DL's 'singing policeman' to perform Thursday at Holmes
You may have seen him patrolling the streets of Detroit Lakes at night, singing along with the radio.
You may even have noticed that he sounds pretty good. But this Thursday, DL police department veteran Tim Eggebraaten will have the chance to really show you what he can do, with just his voice, a guitar and a drum machine.
Eggebraaten, who has been with the DLPD for 14 years, has been a singer for much longer than that.
"I've been singing since I could talk," he says, "and I've played guitar for 19 years. I love doing it."
For the past several years, he has been a regular on the local music scene, performing at Tuesdays in the Park, the Holmes-Spun Talent Show, area nursing homes, at various Holy Rosary Church functions and a plethora of other public events.
Eggebraaten doesn't have aspirations to make it big as a singer, however. If he got offered a recording contract, he probably wouldn't take it.
"It's totally a hobby," he says. "I love my job as a police officer."
He also loves the fact that music is something he does just for the sheer joy of it.
"I sing along with the music in my car," he says.
In fact, that's one of the reasons why Eggebraaten prefers to work the night shift on patrol.
"At night, I can do that (sing) without looking silly," he says with a laugh. "I'm under the cover of darkness -- I can sing my heart out and no one will see."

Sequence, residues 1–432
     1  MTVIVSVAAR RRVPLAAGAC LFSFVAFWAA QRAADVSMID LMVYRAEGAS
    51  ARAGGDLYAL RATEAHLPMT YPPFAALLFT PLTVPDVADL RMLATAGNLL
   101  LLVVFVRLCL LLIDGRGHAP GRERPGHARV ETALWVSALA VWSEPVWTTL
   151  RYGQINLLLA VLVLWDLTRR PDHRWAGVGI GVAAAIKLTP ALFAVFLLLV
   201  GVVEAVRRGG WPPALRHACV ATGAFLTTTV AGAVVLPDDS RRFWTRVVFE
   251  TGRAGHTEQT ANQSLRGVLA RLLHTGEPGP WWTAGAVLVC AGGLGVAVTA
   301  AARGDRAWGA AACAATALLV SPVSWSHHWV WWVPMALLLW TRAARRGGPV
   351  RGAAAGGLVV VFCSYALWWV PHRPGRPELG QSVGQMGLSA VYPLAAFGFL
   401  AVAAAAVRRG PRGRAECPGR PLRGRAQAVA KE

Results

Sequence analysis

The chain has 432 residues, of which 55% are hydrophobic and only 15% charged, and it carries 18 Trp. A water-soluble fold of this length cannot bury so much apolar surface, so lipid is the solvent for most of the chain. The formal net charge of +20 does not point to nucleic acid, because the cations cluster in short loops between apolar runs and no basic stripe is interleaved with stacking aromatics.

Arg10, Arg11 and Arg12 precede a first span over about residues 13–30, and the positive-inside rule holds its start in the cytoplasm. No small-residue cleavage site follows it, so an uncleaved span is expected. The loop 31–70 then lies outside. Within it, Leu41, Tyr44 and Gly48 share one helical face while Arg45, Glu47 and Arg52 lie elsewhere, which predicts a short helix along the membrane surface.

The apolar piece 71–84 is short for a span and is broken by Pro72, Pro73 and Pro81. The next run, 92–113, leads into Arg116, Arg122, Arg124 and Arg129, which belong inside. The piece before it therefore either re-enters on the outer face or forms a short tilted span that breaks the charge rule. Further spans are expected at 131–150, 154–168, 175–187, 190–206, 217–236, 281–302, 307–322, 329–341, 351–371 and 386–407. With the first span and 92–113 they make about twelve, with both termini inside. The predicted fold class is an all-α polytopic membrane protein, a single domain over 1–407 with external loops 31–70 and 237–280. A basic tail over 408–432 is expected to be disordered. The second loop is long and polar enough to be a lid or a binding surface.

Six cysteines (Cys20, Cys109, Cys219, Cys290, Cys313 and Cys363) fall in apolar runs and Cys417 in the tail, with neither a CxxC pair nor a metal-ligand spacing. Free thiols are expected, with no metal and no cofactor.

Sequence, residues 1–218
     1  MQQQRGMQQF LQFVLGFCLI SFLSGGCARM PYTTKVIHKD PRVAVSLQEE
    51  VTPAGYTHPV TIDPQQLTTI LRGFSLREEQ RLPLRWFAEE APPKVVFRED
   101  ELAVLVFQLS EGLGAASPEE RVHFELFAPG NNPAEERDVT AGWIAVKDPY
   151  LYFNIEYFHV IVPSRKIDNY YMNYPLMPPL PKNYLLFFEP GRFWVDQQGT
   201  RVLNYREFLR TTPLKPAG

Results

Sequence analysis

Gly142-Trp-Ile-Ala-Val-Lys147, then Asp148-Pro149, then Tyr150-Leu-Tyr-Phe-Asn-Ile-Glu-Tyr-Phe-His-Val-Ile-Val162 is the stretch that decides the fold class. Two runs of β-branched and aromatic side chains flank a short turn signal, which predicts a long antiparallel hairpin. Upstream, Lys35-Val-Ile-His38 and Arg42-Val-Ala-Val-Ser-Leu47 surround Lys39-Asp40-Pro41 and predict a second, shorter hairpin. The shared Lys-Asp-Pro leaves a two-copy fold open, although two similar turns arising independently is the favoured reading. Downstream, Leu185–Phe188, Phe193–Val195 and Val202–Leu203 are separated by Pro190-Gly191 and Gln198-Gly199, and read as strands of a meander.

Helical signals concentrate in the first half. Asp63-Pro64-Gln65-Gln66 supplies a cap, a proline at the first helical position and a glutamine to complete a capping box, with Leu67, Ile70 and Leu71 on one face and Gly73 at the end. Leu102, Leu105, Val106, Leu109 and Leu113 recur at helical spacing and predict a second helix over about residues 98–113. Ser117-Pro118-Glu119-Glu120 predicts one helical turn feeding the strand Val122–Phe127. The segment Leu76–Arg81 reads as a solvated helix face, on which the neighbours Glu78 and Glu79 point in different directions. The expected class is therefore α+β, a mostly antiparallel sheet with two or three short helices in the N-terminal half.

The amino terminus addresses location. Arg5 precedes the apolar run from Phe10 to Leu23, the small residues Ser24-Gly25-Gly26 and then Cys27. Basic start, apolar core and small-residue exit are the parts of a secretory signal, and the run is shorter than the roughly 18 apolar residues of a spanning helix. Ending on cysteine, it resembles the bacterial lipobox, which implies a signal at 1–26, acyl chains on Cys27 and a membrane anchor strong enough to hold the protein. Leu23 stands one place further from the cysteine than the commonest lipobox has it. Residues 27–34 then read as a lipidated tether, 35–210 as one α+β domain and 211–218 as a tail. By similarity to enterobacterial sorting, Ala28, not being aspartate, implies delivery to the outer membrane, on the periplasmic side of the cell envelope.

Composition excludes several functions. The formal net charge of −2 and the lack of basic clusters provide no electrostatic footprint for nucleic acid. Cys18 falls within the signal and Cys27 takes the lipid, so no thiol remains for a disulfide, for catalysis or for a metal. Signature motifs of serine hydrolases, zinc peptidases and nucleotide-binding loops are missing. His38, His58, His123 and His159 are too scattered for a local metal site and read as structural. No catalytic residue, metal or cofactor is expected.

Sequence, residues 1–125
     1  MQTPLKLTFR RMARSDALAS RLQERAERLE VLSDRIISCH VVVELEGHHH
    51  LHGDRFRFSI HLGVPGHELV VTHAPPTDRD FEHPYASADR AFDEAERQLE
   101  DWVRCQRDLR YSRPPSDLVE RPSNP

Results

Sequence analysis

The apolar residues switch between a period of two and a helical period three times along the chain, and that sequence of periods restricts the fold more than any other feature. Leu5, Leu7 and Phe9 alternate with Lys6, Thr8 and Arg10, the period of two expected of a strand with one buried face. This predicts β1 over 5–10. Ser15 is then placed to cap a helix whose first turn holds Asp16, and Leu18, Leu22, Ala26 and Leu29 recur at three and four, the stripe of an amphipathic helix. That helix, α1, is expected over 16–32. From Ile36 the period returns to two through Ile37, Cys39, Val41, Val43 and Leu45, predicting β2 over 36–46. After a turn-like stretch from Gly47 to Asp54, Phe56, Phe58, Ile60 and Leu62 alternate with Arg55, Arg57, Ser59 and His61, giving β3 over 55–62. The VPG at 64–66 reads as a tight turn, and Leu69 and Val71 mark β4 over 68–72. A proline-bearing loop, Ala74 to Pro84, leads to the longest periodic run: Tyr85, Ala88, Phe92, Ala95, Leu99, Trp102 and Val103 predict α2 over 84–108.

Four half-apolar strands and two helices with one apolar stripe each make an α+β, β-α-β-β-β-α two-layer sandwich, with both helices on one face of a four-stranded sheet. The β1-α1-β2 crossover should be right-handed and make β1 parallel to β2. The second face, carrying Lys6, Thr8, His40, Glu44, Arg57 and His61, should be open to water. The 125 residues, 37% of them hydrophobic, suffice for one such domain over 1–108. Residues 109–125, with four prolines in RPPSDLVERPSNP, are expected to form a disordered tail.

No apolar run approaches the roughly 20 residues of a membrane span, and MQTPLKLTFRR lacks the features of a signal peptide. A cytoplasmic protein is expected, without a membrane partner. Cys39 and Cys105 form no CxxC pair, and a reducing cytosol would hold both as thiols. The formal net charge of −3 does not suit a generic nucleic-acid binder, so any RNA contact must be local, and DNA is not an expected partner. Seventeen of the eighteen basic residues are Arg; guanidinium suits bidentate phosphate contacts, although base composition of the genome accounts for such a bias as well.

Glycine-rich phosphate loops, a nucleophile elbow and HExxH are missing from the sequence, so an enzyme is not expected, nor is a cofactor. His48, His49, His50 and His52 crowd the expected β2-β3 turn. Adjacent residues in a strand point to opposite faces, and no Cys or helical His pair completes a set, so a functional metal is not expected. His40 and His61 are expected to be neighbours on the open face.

No one except for the occasional passenger in the back seat of his patrol car, that is.
"They're a real captive audience," he jokes.
Eggebraaten also used to bring his guitar to work at the Clay County Jail, and serenade the inmates.
"If you're feeling good, music can make you feel even better, and if you're feeling bad, it can help even more," he says. "I grew up listening to all different kinds of music... when I was a kid I used to sing more than I'd talk."
A native of Fisher, Minn. (between Crookston and Grand Forks), Eggebraaten graduated from high school there, then went on to earn a four-year degree in criminal justice from Minnesota State University Moorhead. His first stint in law enforcement involved working two jobs, at the Clay County Jail and as a security guard at MSUM. He did that for three years before taking the job in Detroit Lakes.
It was during this time that he met and married his wife of 17 years, Denise. They have three children, all boys: Josh, 13; Luke, 10; and Isaac, 5.
"I hope some of that (love of music) will rub off on them," Eggebraaten says.
Josh and Luke both play piano and guitar, and Josh plays the trumpet.
Eggebraaten's family will be in attendance at Thursday's show. He said he's been working on the music for about a month now, and he's excited for the opportunity to showcase his music.
Though he has written a few tunes -- including an ode to his former canine partner, Quincy, who died of cancer in 2003 -- Eggebraaten says his primary talent lies in being an entertainer, not a songwriter.
"If it (his singing) makes someone happy, that's my goal," he says.
Eggebraaten's cabaret show kicks off at 5:30 p.m. in the Holmes Ballroom, located across the hall from the main theater.
According to Amy Stoller Stearns, administrator of the Historic Holmes Theatre, the Cabaret Nights series is intended to showcase some of the area's top musical talent in a casual, intimate atmosphere. There will be a cash bar with beer, wine and coffee, and special appetizers -- served at the table -- courtesy of the DL Holiday Inn. The event runs from 5:30 to 7:30 p.m., and there is a $5 cover charge.
Call the Historic Holmes Theatre Box Office at 218-844-SHOW (7469) for more information.